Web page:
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I've always thought that arcdegrees should be what we measure UI's in: how much of a user's field of view does this thing consume? After all, what makes text "small" is that how much of my FoV it consumes (or doesn't). Not inches, or points, or pixels.

(Admittedly, "points" are still likely a good measurement for print. Perhaps one can work backwards and fudge point as a measure of angle if you consider 12 point font at a typical viewing distance.)

I assume the real hard piece is figuring out the distance the display is going to be viewed at. Some definite defaults exist (phones are typically about the same distance away, same with desktop monitors) but unique situations certainly can exist. (I'm also assuming that the monitor can report it's physical size and resolution; combined w/ viewing distance, it should be possible to calculate FoV.) If you did this, you should be able to mostly seemlessly split a window between two displays, and have it be equal "size" in the FoV. (of course, some displays have borders, so that fudges it a bit.)




> I've always thought that arcdegrees should be what we measure UI's in: how much of a user's field of view does this thing consume? After all, what makes text "small" is that how much of my FoV it consumes (or doesn't). Not inches, or points, or pixels.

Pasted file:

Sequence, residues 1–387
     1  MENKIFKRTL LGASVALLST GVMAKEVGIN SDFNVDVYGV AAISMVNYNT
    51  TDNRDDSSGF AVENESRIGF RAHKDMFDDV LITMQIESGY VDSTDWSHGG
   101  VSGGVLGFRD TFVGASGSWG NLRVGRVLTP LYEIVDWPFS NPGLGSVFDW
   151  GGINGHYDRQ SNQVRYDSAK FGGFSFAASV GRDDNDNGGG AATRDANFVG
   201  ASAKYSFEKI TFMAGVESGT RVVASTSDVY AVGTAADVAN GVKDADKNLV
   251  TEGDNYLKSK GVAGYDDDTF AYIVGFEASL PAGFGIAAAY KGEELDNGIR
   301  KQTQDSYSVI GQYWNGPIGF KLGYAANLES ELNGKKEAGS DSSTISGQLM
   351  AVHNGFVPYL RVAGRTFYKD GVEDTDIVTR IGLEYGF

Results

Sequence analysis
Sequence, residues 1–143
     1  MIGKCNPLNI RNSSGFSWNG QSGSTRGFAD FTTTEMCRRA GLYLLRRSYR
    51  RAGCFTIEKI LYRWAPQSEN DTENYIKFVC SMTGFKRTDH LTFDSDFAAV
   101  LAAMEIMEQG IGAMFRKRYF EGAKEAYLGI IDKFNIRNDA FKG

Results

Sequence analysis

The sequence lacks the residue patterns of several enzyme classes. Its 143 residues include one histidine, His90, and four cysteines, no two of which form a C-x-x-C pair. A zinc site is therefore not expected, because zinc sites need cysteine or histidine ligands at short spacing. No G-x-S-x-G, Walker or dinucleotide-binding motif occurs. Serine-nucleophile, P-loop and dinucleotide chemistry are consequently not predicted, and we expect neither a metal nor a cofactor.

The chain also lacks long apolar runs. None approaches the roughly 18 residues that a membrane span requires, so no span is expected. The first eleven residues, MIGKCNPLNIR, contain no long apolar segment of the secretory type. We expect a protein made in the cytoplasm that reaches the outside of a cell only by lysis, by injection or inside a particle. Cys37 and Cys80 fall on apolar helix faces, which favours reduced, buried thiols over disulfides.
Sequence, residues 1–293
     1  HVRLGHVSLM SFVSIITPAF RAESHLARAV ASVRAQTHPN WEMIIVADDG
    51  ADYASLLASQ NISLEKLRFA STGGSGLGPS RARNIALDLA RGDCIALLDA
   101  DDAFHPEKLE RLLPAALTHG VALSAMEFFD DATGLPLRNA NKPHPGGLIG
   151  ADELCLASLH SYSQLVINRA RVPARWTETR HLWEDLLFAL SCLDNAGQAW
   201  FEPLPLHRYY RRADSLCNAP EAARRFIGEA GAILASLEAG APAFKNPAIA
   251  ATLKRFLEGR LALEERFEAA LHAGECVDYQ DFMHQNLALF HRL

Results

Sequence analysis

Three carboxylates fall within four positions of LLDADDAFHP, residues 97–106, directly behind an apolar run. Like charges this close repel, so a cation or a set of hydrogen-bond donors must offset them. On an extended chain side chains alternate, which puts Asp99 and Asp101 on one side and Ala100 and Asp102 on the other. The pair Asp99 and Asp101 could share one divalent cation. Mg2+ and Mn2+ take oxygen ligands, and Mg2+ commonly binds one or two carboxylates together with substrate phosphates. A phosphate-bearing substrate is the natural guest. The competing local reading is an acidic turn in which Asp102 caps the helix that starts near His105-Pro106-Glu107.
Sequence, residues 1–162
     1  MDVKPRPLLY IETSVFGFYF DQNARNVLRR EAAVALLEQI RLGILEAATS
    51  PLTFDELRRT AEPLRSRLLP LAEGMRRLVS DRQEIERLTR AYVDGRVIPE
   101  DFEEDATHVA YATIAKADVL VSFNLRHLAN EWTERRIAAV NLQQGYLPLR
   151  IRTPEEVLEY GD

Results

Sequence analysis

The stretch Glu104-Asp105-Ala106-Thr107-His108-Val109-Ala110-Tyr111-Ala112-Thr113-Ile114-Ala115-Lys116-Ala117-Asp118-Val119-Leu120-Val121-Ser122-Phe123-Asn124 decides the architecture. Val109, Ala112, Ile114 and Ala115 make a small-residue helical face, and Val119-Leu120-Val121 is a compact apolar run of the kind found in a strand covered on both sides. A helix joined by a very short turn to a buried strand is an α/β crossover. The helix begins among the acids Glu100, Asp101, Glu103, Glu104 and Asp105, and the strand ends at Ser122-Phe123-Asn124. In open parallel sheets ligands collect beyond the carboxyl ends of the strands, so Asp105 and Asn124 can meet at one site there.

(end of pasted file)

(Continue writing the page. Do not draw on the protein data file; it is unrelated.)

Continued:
That is a good starting point for calculating the default "optimal UI scaling", but there are going to be adjustments needed for the FoV of the whole screen area (not per pixel) too.

With large screens, for example 24-30" on your desk, just the per-pixel FoV measure will probably be good enough. You have plenty of "space" for windows and content, and want to get the optimal scaling.

But once you get to very small screens like phones, there is a tradeoff between keeping font and UI sizes comfortable, and being able to actually fit enough content on the screen without endless scrolling. I am willing to strain my eyes with smaller font sizes on my phone than on my laptop, just so that I can see more than 5 sentences of text at the same time.


"CSS Pixels" are actually supposed to be based on viewing angles:

    http://inamidst.com/stuff/notes/csspx




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